Sunday, January 13, 2013

All is Mystery

We wake, if ever at all, to mystery. -Annie Dillard

all-is-mystery
All is Mystery
encaustic mixed media
20x16 inches


I corresponded with Ann Carter a bit more after my last post where I shared the documentary of her, her work and her daughters and she wrote to me and said something that has stayed with me these past few days. "It's funny the way one thing leads us to another---a path that's not always clear at all but still there if we keep our eyes and hearts open."

I've been thinking along those lines for the past few months and I believe some of that trail of thought has been appearing in my recent work. Or at least in some of the stages. It is, at least, in the forefront of my mind while I'm working.

One of the properties of encaustic that attracts people to it is the ability to create transparent layers with the wax. When I used to just paint with acrylics, my process was very similar in that I was interested in the building up of layers- to create texture, as well as for the metaphor. I continue to do so with encaustic, but the difference is the transparency that is inherent in the wax. I used to paint pretty opaquely. I did not thin my colors down all that much with medium. But in the past year or so, I've changed things up. Really exploring and exploiting that quality of transparency in wax.

I have also been thinking a lot about what is hidden and what is revealed. And I have been delving into that in my work recently. The painting above is a finished piece where I spent a lot of time ruminating on obscuring and revealing.

Work in progress #art #workinprogress #studio


I took a picture of the painting in its early stage. A pretty early stage. Below is a detail shot of sort of the same area of the finished painting.

all-is-mystery-det


All is Mystery is part of my bowls series, speaking of- I need to come up with a better title for....

15 comments:

  1. I LOVE this POST and your work is inspiring...I am also an encaustic painter. It's great to see the process...THX!

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    1. thanks sue, glad you enjoyed it

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  2. Perfect title! It's so hard to photograph encaustic works and capture the depth. I can definitely tell "All is Mystery" has wonderfully beckoning layers. I hope to see this one in person someday.

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    1. Thanks Melissa- it is so hard for me to photograph my encaustic paintings in general, and this piece in particular was so difficult! Any tips? :)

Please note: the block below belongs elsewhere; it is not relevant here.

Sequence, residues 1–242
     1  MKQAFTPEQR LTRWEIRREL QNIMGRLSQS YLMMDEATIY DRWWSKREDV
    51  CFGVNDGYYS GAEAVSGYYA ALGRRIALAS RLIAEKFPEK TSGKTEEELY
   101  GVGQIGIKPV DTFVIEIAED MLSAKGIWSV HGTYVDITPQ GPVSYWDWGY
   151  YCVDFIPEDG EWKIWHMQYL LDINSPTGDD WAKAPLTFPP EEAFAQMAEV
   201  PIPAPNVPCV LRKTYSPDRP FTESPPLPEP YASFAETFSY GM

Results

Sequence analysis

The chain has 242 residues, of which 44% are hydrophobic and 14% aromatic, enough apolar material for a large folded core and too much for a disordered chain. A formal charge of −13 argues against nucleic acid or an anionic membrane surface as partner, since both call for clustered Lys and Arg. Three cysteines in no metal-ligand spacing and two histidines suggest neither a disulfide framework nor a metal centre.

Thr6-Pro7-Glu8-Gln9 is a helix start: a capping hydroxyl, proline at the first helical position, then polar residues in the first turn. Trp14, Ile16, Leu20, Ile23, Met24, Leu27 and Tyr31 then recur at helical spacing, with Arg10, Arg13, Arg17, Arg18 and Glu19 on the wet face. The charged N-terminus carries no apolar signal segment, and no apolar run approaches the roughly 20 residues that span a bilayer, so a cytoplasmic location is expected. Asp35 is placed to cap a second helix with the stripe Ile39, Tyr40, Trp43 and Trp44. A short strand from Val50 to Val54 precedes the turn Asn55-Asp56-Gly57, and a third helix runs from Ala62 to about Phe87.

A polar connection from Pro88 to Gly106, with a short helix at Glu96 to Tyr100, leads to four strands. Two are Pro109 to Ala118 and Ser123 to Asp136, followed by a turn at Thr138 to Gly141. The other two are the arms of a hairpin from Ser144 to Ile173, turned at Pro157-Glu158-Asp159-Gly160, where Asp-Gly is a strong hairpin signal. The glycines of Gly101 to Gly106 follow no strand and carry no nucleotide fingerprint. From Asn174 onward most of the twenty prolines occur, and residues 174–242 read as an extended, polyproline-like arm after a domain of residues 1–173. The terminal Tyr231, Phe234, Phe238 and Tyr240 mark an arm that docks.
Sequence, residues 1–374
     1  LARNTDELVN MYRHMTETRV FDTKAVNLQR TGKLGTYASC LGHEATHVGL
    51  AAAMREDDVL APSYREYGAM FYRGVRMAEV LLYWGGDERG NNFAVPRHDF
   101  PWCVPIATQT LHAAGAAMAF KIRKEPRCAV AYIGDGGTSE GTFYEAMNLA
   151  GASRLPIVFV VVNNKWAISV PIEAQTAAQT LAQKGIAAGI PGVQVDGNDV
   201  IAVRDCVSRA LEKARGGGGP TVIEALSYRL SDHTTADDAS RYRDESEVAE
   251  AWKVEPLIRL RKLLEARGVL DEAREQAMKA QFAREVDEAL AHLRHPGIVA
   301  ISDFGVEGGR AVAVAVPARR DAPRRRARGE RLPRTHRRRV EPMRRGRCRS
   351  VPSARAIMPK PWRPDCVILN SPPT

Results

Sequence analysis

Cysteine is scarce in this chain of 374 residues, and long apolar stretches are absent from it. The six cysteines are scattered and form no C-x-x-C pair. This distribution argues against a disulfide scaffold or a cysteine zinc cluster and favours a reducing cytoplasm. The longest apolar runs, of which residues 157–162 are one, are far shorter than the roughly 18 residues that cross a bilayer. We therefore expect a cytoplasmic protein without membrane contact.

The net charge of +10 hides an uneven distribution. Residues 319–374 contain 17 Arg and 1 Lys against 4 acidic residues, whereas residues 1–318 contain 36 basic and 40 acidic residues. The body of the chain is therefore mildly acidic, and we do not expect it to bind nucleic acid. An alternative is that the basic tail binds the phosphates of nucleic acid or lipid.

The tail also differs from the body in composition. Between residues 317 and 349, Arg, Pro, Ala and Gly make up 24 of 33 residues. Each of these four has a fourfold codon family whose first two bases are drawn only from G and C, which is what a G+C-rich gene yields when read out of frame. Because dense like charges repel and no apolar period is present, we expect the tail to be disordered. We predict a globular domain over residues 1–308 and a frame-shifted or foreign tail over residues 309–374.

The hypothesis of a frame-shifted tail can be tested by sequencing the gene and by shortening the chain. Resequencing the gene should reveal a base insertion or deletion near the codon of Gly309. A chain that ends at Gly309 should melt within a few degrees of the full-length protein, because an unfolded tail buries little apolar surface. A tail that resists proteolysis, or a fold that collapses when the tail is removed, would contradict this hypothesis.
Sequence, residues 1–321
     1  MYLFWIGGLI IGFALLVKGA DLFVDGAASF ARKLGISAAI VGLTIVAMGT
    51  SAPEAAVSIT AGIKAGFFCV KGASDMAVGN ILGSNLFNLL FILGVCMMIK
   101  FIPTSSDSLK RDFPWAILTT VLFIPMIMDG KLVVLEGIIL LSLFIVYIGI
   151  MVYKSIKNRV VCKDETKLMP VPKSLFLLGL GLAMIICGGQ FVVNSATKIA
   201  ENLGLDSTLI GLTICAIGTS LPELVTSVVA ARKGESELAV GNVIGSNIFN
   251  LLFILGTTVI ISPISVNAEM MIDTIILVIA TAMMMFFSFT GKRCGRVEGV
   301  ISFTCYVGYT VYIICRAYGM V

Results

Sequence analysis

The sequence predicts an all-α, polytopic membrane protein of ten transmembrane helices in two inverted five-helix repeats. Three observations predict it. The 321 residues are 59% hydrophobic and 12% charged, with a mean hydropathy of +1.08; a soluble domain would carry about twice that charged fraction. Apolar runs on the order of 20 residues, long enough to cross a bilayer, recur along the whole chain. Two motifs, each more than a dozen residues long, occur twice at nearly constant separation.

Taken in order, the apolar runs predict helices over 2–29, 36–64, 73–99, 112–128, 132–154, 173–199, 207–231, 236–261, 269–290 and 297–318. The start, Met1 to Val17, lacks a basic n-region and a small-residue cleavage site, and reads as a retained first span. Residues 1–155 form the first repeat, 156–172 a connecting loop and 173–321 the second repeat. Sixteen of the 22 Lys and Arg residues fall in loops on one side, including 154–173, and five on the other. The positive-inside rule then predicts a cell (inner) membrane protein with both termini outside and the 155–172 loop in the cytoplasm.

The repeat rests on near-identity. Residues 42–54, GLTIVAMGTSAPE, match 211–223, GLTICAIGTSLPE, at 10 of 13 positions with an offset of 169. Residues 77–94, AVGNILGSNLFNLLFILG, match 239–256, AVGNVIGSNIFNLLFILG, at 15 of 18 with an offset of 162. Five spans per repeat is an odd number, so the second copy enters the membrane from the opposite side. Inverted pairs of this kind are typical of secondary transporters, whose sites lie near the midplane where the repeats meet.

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    2. It looks to me like you did a wonderful job. The light is even and there are no hotspots or shiny places. That's about all we can ask for in life! Leah MacDonald told me in a workshop that she got the best results from scanning pieces but it would be impossible to do that with anything larger than around letter size - plus I'm lazy and don't want to clean off my scanner that often. I just try to use natural light outside on a cloudy day or from a window with something white on the darker side to bounce back and even out the light. I also use a tripod and try to shoot in the middle of the piece straight down.

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  3. Hey Bri? Seriously? Capital "A" Art Hero. and don't laugh this time, 'kay?
    what you are moving through, discovering, seriously gives me art envy. in the very best of ways. it reminds me of jeanne myers work ... different in style, but similar in attitude. I need to get my head outta my butt and just do it. (Oh nike where would we be without you?! :P)

    and for what it's worth, I love Bowl Series ... kind of a jab at the sports world. ;)

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    1. Ok, I'm not laughing this time Jen. :) Thank you so much for sharing your observation of what I have been doing lately. I've known you for so long via this internet thing and always appreciate and respect your feedback.

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  4. Beautiful! The piece and the mental process.

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  5. I really like this piece, Bridgette.

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  6. Very beautiful piece and thoughful words, too! Annie Dillard quotes keep appearing lately, that's a good thing!

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  7. There's nothing like a good mystery, Bridgette! :)

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  8. What is hidden ... but not lost ... a topic for contemplation. My work concerns loss of memory, so the hidden things in your work have a lot of resonance for me.

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